On the reverse of the extract there must first be a reference to the Convention, in the languages prescribed for the explanation of the symbols. This is to be followed by a translation of the standard forms of words in the same languages, with the exception of the languages in which they are printed on the front. Finally, there must be a summary of Articles 3, 4, 5 and 7 of the Convention, which contain the rules governing the preparation of the extract. Since those rules are addressed to the authority issuing the extract, the summary need only be in that authority's language. However, there is nothing to say that it may not be written in other languages as well.
Articles 7 - 10
These Articles are based on the corresponding provisions of the Conventions of 1956 (Articles 3, 5, 6 and 7) and 1974 (Articles 10, 11 and 13). While Article 6 of the 1956 Convention provided that the same charges were to be payable for extracts issued thereunder as for extracts made pursuant to the domestic legislation in force in the State from which the extracts emanated, Article 9 of this Convention merely prescribes that the charges payable for extracts issued pursuant thereto may not be higher than those provided for by domestic legislation. Owing to the requirements of revenue law in some member States of the International Commission on Civil Status, it was not possible to prescribe that extracts issued in pursuance of the Convention should be free of charge. However, having regard to the fact that civil registration constitutes a public service, the International Commission on Civil Status recommends that no charge should be made and would like the issue of copies of or extracts from records, whether in pursuance of the Convention or in accordance with domestic law, to be exempt from any charges of a revenue nature in all the member States.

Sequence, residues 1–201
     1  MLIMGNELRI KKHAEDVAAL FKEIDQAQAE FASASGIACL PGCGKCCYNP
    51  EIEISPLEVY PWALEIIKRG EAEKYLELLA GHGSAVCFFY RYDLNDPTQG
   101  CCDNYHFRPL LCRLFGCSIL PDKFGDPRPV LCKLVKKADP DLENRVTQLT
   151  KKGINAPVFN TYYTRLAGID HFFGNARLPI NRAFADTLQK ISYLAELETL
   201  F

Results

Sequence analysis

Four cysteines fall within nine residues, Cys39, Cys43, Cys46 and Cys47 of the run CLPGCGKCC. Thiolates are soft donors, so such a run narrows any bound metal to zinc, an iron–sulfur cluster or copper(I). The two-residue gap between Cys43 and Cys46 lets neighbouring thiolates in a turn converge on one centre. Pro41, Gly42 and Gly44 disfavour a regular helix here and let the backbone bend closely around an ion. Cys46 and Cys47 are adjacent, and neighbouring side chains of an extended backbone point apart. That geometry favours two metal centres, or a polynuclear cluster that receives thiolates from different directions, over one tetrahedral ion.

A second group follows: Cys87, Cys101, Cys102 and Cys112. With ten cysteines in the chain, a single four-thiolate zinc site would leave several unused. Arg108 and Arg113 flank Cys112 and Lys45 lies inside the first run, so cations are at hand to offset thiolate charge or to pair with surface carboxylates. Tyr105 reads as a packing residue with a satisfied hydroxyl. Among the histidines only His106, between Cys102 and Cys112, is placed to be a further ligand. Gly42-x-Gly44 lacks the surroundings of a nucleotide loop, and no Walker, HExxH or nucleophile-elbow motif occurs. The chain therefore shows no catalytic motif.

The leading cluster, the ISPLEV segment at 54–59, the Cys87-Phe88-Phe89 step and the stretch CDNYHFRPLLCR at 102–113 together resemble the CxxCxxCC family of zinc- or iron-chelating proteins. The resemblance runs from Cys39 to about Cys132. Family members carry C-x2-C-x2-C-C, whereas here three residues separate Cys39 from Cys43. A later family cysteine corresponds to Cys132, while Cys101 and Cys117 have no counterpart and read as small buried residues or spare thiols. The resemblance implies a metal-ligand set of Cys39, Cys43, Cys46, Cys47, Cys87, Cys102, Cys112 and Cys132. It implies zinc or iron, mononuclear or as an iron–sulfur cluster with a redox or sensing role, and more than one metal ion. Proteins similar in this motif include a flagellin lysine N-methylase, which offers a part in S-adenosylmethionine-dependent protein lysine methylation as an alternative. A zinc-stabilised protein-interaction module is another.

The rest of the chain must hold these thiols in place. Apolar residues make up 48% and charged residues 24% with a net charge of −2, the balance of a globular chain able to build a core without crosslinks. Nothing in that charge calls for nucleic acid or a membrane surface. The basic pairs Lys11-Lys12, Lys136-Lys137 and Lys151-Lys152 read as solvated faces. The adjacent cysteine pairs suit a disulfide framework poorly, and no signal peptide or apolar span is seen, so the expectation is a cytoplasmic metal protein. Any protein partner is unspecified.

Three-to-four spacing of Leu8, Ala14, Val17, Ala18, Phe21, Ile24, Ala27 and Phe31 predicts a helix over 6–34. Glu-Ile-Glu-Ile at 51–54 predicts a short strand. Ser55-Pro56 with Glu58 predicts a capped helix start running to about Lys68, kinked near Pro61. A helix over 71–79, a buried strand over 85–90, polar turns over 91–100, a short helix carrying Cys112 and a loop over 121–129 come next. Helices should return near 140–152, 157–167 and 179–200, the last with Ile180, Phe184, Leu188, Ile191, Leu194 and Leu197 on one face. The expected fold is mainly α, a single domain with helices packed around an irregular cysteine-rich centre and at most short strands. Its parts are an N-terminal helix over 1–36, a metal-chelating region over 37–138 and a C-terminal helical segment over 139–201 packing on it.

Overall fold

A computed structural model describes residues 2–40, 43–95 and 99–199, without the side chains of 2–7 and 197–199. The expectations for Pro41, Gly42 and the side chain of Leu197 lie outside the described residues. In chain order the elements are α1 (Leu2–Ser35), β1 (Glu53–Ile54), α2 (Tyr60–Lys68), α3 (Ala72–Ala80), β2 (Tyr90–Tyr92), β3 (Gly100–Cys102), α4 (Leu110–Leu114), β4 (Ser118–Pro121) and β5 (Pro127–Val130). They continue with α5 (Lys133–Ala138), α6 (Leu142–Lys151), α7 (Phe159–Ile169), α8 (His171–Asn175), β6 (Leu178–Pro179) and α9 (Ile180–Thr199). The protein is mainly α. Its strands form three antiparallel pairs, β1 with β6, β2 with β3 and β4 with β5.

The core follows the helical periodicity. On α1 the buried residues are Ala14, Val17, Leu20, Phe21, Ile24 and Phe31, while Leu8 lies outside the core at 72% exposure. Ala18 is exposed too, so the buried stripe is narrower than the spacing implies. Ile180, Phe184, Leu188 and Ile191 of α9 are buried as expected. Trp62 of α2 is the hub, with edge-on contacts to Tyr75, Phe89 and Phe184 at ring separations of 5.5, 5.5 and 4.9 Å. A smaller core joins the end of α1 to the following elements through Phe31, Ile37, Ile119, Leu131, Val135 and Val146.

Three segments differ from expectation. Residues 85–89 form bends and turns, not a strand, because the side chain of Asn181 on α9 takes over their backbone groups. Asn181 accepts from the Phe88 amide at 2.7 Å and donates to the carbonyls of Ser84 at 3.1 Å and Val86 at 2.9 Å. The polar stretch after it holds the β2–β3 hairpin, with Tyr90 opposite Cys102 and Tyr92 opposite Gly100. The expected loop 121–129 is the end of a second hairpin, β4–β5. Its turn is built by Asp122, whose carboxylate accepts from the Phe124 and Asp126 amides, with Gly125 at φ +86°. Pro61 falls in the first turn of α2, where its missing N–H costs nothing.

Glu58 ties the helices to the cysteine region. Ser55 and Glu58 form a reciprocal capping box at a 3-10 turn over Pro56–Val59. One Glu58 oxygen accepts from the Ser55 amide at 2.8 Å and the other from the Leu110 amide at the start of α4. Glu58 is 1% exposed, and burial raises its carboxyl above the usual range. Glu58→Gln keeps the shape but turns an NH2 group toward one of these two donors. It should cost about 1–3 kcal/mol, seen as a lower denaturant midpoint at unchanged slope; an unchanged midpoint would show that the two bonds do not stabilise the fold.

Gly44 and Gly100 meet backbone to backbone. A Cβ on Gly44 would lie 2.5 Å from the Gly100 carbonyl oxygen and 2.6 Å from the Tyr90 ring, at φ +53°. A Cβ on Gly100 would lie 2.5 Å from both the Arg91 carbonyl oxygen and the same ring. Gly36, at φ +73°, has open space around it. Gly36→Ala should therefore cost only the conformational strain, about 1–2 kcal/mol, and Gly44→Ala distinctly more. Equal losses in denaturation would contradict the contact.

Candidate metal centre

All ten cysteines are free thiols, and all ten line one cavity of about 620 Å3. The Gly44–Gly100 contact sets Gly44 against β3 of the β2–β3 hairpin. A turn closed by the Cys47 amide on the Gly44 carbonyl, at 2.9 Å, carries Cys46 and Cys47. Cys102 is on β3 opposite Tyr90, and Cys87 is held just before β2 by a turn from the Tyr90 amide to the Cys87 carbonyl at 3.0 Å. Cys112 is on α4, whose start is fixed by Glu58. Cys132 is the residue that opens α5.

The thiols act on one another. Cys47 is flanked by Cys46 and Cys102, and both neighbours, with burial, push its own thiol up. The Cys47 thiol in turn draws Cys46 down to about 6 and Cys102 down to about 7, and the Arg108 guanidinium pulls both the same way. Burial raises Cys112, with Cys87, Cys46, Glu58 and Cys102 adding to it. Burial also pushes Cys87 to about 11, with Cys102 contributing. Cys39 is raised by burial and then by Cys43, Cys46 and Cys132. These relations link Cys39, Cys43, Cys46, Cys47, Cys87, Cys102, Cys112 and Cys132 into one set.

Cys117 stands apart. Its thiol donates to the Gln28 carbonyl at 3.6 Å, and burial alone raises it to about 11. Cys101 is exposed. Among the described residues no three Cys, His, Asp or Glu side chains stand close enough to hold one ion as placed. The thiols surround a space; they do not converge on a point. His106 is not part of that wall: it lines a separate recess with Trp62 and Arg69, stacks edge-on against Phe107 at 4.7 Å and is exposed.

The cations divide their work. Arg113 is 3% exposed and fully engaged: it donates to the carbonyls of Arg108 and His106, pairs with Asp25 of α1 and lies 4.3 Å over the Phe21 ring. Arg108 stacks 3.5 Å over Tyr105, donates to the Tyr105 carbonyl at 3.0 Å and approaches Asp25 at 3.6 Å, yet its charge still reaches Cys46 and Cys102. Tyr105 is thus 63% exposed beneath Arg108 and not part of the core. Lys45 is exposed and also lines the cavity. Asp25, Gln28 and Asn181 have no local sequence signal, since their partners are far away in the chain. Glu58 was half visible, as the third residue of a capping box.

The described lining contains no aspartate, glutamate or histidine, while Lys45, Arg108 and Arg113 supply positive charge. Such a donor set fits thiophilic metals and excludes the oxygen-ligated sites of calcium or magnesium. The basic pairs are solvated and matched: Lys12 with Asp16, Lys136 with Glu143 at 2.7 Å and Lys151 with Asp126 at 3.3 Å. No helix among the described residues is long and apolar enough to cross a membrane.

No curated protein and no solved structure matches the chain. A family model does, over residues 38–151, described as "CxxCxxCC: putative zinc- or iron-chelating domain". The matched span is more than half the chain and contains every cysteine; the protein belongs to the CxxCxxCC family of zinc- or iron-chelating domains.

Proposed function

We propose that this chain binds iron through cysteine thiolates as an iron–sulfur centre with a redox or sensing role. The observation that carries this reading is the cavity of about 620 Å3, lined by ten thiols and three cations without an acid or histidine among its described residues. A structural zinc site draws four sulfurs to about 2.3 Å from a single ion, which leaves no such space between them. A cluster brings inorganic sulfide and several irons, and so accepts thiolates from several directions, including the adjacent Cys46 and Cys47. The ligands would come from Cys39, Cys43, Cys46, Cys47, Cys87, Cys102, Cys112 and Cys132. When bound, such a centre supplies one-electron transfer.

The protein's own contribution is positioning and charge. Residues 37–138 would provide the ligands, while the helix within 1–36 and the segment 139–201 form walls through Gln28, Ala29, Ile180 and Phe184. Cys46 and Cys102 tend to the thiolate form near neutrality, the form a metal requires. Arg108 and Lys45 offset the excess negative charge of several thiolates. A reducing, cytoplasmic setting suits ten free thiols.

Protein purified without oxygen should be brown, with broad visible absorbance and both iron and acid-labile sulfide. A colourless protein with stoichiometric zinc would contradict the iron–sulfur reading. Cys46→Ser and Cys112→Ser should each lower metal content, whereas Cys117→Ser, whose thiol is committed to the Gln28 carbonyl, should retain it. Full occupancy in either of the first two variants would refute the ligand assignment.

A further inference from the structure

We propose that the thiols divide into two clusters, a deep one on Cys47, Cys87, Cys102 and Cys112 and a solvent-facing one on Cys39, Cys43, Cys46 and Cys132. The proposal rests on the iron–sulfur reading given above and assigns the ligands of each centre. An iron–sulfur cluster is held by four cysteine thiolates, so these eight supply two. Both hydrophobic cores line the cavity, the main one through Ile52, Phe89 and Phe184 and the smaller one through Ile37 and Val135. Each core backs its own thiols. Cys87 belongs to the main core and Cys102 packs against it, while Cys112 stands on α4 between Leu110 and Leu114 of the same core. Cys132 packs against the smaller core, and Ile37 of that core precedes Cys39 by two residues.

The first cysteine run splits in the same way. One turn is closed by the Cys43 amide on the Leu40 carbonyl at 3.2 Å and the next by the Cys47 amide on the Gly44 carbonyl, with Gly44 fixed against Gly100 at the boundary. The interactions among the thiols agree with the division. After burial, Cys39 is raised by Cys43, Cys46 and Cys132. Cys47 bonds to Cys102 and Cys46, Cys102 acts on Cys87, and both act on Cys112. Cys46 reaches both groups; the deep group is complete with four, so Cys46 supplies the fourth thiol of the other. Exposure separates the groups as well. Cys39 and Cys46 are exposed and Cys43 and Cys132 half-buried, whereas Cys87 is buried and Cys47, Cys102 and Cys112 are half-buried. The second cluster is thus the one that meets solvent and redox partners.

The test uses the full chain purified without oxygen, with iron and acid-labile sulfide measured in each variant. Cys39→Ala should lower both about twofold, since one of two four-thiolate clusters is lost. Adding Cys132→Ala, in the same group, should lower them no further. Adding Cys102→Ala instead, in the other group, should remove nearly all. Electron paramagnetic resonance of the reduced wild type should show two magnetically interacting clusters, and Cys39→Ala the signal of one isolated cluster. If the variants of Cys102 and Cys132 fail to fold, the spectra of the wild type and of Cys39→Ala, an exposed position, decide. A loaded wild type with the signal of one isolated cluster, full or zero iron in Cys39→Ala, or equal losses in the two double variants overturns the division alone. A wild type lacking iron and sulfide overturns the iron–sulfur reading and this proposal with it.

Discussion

Article 11
The reservation provided for in this Article may be made by a State which fears that the use of forms A or C may reveal that the extract relates to an adopted child. This reservation may be wholly or partially withdrawn at any time (Article 15).
A Contracting State could also make a partial reservation, for example by limiting it to adopted children whose original filiation subsists.
Articles 12 - 18
These Articles contain the "final" clauses governing ratification of the Convention and its entry into force and duration. Unlike the other Conventions of the International Commission on Civil Status, which provide for their entry into force after two ratifications, this Convention provides in Article 13 that it will enter into force after five ratifications. The reason for this is that the new Convention is intended to replace the 1956 Convention, which is at present binding on ten States.
Unless it is denounced, the 1956 Convention will remain in force between two States which are bound by it, even if one of them has ratified the second Convention, whether or not the latter has entered into force.
However, the first Convention will cease to be in force between two States which were bound by it but who have both ratified the second one, if the latter has entered into force following ratification by five States.
The new Convention, like that of 1956, is an open Convention, that is to say that any State, whether or not a member of the International Commission on Civil Status, may accede to it after its entry into force.